Canada's 150th anniversary is less than two weeks behind us, and there was certainly much to celebrate. But as a nation that prides itself as a beacon of human rights around the world, there are also many challenges it must reconcile.
Celebrating his first Canada Day as prime minister with celebrations on Parliament Hill last year, Justin Trudeau looked to the upcoming milestone with a positive message to Canada and to the world: "We are a country where everyone is equal."
The atmosphere in Ottawa on July 1, 2016, was euphoric, filled with celebrations that highlighted Canada's diversity and equality, while drawing significant attention to the Government's agenda for Canada. However, something vital, albeit not as obvious, was missing from the picture. Though Canada is undeniably diverse, the more pressing question remains, is Canada genuinely equal?
It has been more than 25 years since members of Parliament pledged to fight child poverty in Canada, a bottom-end measure of inequality, with limited progress.
In UNICEF's 2016 "Fairness for Children" report on child inequality, based on an average of four indicators of inequality, Canada ranked 26 among 35 of the world's most affluent countries. A year later we measured the state of our children and youth based on national averages of 21 indicators, and found a similar result: Canada ranked 25 among 41 peer nations. This is not surprising, as UNICEF's emerging research identified a pattern: countries' outcomes for children are influenced by their levels of inequality among children, which is related to their overall income inequality. Countries that produce a fairer distribution of opportunities for children tend to have more children with better health, nutrition, safety from violence and happiness.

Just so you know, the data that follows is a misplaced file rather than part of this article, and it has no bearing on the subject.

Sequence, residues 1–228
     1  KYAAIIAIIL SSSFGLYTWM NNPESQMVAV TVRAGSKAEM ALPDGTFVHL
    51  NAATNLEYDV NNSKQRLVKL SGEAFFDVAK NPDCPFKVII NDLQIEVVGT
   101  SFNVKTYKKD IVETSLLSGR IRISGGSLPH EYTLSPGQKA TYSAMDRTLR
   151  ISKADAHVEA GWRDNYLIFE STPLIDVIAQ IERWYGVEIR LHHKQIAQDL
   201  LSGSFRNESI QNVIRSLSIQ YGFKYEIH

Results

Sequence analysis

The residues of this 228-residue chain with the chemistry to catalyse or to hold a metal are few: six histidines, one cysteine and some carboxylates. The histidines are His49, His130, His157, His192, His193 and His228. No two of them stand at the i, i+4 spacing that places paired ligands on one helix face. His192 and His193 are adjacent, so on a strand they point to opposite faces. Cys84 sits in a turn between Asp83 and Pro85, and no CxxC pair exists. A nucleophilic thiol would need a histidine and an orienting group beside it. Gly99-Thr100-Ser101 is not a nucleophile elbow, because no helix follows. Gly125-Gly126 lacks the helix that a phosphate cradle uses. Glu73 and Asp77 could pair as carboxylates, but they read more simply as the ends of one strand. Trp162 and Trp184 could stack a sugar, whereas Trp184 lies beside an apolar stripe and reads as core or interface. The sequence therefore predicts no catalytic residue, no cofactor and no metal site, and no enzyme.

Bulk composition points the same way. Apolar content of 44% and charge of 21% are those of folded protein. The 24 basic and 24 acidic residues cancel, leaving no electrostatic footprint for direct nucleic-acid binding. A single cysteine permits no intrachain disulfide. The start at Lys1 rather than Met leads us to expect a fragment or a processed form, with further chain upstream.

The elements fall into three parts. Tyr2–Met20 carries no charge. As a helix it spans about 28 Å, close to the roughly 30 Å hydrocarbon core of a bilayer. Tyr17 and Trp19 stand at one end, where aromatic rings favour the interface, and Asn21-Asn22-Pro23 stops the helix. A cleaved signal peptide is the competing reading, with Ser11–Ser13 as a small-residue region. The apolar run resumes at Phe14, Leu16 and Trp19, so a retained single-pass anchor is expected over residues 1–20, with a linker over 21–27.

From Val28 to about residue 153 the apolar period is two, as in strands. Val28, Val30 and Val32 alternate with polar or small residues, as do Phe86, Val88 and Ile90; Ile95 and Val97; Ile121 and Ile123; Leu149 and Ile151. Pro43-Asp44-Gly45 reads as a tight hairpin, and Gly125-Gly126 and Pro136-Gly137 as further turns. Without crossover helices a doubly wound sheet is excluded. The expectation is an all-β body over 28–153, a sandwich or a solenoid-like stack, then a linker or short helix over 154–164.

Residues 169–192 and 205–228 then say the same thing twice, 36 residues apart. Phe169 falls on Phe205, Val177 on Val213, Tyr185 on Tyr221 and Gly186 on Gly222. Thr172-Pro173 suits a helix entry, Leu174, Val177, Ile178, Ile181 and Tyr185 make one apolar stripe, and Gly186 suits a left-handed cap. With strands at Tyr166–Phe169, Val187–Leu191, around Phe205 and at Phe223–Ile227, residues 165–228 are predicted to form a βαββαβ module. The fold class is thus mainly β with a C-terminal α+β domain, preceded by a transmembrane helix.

As a generous contributor and partner to UNICEF, the largest humanitarian organization for children in the world, Canada is often seen as an example to other nations for its global humanitarian leadership. UNICEF's credo of "No Child Too Far" represents a shared commitment to reaching vulnerable children around the world. But we have gaps to close here at home. It has been more than 25 years since members of Parliament pledged to fight child poverty in Canada, a bottom-end measure of inequality, with limited progress.
In 2014, former leader of the New Democratic Party of Canada, Ed Broadbent, who put forward the 1989 parliamentary motion to tackle child poverty, said as a result of continuing inequality, "There's no question we failed... The desire was there for a while. But it didn't persist, and I have my own theory about that and my own theory is that kids don't vote. Adults vote."
It is time to decide if we want to be great, or just good, for Canada's children and youth.
While Canada's economy has more than doubled in size since that motion in 1989, child poverty has persisted and Canada's rankings in overall child and youth well-being have been stuck in the middle among peer countries.
However, with determined, effective and immediate action, we can turn the tide for our nation's children. While we reflect on the great achievements of Canadians and the bounty of our environment, our diverse peoples and our potential for a great future, Canada's 150th is also a time to resolve to tackle nationwide child inequality and take our place among the countries at the top of UNICEF's Indexes. It is time to decide if we want to be great, or just good, for Canada's children and youth.
By Ebrahim Lababidi, UNICEF Canada Intern
UNICEF Canada is taking action to help improve the well-being of children and youth in Canada through its new initiative launching this fall, One Youth. One Youth will elevate the well-being of children and youth to a higher national priority and work to make Canada #1 on the UNICEF Index of Child well-being by 2030. To learn more and sign up for email updates on how you can help to improve the lives of kids in Canada,go here.
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